The Cluster Observability Operator is a Technology Preview feature only. Technology Preview features are not supported with Red Hat production service level agreements (SLAs) and might not be functionally complete. Red Hat does not recommend using them in production. These features provide early access to upcoming product features, enabling customers to test functionality and provide feedback during the development process.

For more information about the support scope of Red Hat Technology Preview features, see Technology Preview Features Support Scope.

The Cluster Observability Operator (COO) is an optional component of the OKD. You can deploy it to create standalone monitoring stacks that are independently configurable for use by different services and users.

The COO deploys the following monitoring components:

  • Prometheus

  • Thanos Querier (optional)

  • Alertmanager (optional)

The COO components function independently of the default in-cluster monitoring stack, which is deployed and managed by the Cluster Monitoring Operator (CMO). Monitoring stacks deployed by the two Operators do not conflict. You can use a COO monitoring stack in addition to the default platform monitoring components deployed by the CMO.

Understanding the Cluster Observability Operator

A default monitoring stack created by the Cluster Observability Operator (COO) includes a highly available Prometheus instance capable of sending metrics to an external endpoint by using remote write.

Each COO stack also includes an optional Thanos Querier component, which you can use to query a highly available Prometheus instance from a central location, and an optional Alertmanager component, which you can use to set up alert configurations for different services.

Advantages of using the Cluster Observability Operator

The MonitoringStack CRD used by the COO offers an opinionated default monitoring configuration for COO-deployed monitoring components, but you can customize it to suit more complex requirements.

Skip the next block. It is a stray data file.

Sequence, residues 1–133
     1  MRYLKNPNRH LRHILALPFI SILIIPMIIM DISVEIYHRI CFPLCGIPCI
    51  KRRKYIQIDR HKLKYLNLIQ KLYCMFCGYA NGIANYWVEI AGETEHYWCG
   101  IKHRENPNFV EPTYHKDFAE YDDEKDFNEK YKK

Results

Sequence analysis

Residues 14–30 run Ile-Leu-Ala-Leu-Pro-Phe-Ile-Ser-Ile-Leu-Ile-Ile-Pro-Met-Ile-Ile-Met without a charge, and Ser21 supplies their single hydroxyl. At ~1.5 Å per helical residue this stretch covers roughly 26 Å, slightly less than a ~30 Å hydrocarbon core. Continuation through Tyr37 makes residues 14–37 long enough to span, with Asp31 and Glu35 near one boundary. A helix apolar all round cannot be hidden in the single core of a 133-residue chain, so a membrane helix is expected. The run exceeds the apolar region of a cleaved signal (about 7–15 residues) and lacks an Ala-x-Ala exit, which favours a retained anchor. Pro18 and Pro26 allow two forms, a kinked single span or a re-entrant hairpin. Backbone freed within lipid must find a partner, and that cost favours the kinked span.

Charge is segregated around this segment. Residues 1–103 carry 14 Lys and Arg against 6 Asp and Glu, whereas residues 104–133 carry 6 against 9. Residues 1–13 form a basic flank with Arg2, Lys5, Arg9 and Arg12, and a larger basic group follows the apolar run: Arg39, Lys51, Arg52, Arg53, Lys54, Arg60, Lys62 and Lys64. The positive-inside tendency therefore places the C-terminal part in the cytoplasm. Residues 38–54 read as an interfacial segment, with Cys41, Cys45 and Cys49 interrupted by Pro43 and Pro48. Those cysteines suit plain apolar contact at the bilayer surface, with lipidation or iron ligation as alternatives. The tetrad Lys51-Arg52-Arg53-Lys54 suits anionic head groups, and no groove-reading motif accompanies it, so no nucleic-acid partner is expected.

Deploying a COO-managed monitoring stack can help meet monitoring needs that are difficult or impossible to address by using the core platform monitoring stack deployed by the Cluster Monitoring Operator (CMO). A monitoring stack deployed using COO has the following advantages over core platform and user workload monitoring:


Users can add more metrics to a COO-deployed monitoring stack, which is not possible with core platform monitoring without losing support. In addition, COO-managed stacks can receive certain cluster-specific metrics from core platform monitoring by using federation.

Multi-tenancy support

The COO can create a monitoring stack per user namespace. You can also deploy multiple stacks per namespace or a single stack for multiple namespaces. For example, cluster administrators, SRE teams, and development teams can all deploy their own monitoring stacks on a single cluster, rather than having to use a single shared stack of monitoring components. Users on different teams can then independently configure features such as separate alerts, alert routing, and alert receivers for their applications and services.


You can create COO-managed monitoring stacks as needed. Multiple monitoring stacks can run on a single cluster, which can facilitate the monitoring of very large clusters by using manual sharding. This ability addresses cases where the number of metrics exceeds the monitoring capabilities of a single Prometheus instance.


Deploying the COO with Operator Lifecycle Manager (OLM) decouples COO releases from OKD release cycles. This method of deployment enables faster release iterations and the ability to respond rapidly to changing requirements and issues. Additionally, by deploying a COO-managed monitoring stack, users can manage alerting rules independently of OKD release cycles.

Highly customizable

The COO can delegate ownership of single configurable fields in custom resources to users by using Server-Side Apply (SSA), which enhances customization.